Guinness, Bottles, An Addendum

Another Form of Bottled Guinness Needs Discussion

After writing my notes on Guinness in bottles and cans, I was mindful that another version of the black brew, Guinness Special Export Stout, may still be – and clearly was at one time – brewed from a 100% barley malt mash. Probably the components were/are pale malt and black malt or, pale malt, caramel malt and black malt (which would be better).

This online discussion from 2012 about different forms of Guinness seems to confirm that Special Export Stout was all-malt then. Whether it is today, I can’t say. I had it last in Paris about 5 years ago, and found it rather thin and very similar to Guinness Extra Stout except stronger. However, from 20 years ago, I recall Special Export Stout being very good, rich and fruity. Older reviews on Beer Advocate and Ratebeer, the online rating forums, confirm that recollection.

What I had in Paris 5 years ago, bought in a discount food store chain, conceivably might have been different from what is sent to Belgium as Special Export Stout. Belgium is important because the John Martin importation agency of that country recites a history on its website that a different form of Guinness was wanted for that market than was being exported, this during WW II, unlikely as it sounds. Guinness sent them what is called now Special Export Stout. I should add my own reading suggests it wasn’t really new but had roots in an older form of Guinness sent to the Continent, but that is neither here nor there.

Guinness’s own website calls Special Export Stout “sweeter”, which suggests more malt is used than the other brews get, and maybe 100% malt again. This link from the Guinness website shows a picture of the current bottle and a description of the taste.

Therefore, Special Export Stout, if still all-malt, is – like the adjunct Foreign Extra Stout which is soured with a dash of matured beer – a vestige of 19th century brewing practices at St. James’s Gate, Dublin. The mashbill of Special Export Stout could therefore be the basis of a restored, pre-adjunct draft Guinness Porter and Stout. The hop rate is apparently fairly low, but if the rate was kept as is and the original gravity dropped to 1055 or so, you could get probably a very credible version of 1800’s Guinness Porter. Keep the gravity as is and boost the hops, and you will get closer to Guinness Extra Stout (aka Double Stout, Double Porter, etc.) in its classic era.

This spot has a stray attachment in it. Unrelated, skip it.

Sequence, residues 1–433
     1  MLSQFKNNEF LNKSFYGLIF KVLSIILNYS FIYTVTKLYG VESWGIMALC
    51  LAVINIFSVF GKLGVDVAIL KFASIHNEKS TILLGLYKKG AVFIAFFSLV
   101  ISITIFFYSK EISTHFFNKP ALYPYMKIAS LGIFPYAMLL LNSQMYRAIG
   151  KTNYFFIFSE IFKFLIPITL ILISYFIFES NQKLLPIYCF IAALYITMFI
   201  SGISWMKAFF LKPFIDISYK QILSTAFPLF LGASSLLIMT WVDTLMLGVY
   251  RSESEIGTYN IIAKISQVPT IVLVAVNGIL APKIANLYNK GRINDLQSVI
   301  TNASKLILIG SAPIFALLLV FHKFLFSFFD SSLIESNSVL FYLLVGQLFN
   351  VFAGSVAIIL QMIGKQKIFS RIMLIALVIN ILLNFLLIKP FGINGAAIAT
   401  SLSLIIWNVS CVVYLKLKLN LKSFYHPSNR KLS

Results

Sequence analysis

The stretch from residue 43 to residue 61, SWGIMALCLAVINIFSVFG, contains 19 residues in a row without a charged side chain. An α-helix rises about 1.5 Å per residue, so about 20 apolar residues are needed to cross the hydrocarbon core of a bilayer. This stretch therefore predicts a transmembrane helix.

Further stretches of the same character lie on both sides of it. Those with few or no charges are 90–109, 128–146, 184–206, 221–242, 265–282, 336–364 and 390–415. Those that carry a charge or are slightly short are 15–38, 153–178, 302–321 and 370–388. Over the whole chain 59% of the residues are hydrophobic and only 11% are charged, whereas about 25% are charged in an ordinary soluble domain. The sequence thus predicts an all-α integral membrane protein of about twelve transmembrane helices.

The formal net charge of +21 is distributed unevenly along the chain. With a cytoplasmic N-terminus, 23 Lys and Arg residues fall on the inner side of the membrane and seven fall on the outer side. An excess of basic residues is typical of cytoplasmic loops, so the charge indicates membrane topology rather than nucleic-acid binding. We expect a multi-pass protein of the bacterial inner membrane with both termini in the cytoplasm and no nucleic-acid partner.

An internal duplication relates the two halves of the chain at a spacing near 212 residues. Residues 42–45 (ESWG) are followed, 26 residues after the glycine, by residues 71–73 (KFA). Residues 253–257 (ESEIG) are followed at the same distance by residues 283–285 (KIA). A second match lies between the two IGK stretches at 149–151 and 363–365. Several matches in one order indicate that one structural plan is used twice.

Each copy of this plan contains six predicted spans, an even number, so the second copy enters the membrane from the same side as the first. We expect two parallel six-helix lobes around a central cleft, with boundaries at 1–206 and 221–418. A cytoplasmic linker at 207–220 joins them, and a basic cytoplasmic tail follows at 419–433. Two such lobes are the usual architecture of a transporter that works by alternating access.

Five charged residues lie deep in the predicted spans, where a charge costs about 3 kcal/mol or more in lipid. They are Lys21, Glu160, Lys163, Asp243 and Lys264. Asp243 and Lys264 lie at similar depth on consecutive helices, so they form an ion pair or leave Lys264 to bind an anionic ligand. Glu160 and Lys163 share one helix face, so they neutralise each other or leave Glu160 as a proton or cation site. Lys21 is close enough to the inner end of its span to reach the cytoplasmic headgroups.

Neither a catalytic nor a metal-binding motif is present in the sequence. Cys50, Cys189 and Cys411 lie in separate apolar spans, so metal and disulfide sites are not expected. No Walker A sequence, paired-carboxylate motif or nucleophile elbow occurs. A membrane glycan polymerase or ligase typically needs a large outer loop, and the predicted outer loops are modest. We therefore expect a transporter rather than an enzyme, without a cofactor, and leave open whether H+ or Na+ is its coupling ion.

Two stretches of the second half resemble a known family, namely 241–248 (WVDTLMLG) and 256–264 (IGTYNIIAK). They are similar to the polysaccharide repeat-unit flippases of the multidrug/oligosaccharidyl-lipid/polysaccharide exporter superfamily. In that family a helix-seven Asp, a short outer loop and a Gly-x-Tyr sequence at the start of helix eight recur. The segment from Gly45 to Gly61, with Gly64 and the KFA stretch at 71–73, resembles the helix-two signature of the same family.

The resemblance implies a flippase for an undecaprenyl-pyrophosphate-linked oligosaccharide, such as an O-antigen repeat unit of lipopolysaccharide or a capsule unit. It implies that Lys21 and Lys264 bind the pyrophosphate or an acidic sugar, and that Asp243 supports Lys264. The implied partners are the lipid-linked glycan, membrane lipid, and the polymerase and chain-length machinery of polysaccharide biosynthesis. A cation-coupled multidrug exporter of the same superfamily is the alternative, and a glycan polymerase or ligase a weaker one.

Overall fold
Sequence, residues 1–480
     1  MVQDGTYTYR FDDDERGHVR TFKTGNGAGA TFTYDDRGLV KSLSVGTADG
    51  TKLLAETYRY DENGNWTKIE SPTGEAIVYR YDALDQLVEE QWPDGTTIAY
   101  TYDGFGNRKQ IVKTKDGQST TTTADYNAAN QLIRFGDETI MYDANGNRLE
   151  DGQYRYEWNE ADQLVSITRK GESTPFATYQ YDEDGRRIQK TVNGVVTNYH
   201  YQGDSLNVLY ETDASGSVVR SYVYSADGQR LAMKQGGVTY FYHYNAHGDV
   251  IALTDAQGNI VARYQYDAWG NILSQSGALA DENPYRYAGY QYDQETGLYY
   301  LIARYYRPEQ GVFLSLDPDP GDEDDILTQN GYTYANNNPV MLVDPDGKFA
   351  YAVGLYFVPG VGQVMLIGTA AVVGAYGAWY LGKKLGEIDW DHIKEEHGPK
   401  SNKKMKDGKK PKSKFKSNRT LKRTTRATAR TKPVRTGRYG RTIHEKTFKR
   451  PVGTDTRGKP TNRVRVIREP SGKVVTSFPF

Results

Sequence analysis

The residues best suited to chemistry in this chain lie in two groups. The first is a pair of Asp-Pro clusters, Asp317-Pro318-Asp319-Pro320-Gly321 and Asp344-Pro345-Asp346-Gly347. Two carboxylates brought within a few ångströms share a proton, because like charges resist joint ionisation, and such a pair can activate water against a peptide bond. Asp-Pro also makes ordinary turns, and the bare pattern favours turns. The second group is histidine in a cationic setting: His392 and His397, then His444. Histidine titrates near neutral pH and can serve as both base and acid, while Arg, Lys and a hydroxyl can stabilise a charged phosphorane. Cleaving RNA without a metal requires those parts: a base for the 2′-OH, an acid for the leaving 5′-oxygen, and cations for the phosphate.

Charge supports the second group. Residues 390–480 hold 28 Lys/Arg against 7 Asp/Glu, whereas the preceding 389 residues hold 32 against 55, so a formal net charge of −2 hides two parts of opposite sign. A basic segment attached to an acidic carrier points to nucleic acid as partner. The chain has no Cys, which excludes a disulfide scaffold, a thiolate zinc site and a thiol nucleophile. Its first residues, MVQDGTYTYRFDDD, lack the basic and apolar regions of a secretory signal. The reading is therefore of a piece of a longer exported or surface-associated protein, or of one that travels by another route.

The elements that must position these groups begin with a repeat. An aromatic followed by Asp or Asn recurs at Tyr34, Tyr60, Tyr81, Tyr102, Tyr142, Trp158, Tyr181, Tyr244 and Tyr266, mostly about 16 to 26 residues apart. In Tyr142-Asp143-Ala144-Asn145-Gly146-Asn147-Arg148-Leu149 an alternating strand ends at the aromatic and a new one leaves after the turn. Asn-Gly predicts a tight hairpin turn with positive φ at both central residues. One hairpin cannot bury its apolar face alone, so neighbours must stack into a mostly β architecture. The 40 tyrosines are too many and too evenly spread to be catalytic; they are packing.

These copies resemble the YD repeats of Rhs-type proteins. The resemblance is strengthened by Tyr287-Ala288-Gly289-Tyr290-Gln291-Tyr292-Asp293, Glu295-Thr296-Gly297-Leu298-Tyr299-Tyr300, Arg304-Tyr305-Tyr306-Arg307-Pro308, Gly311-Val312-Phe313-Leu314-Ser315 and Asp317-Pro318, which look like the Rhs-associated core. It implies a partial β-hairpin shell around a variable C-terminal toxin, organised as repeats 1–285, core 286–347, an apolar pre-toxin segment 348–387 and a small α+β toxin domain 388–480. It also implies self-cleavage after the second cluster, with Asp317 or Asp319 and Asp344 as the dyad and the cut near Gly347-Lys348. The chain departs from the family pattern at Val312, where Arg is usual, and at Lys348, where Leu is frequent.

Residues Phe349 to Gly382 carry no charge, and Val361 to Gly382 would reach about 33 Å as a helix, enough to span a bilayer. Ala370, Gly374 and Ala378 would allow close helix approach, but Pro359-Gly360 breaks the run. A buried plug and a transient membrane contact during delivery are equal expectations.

Once again, addition of unfermented wort – the extract of the mash boiled with hops but not yet fermented into alcohol – to a blend of fresh stout and some matured would enhance the credibility of the restoration.

But anyway, the point being, Guinness Special Export Stout in Belgium at any rate may still be all-malt. If anyone reading knows for sure, pray tell us.

Guinness in its history made beers under many names, which often were synonymous, for example, single stout and porter were used at different times to mean the same beer. Indeed, Guinness over the years has continued to make a surprisingly large number of beers. Most don’t last long in the market and seem variations on the theme of the main types (extra stout, widget stout, draft Guinness, Foreign Extra Stout).

From the standpoint of the advised or craft-oriented consumer, I’d suggest the key questions for both top quality and historical authenticity are: is the beer pasteurized (and if so, how); is the beer filtered; is the beer an adjunct beer; is the beer as highly hopped as possible; and does the beer exceed about 70% attenuation. The closer one gets to answering the first three of these, “no” and the last two, “yes”, the more the chance is the beer will hew close to its 1800s roots.

One might add, use of wooden vessels and unfermented wort for conditioning are requisites too. But there is a limit to how far any restoration project is likely to go. I’d give up on the latter two if I could get the others.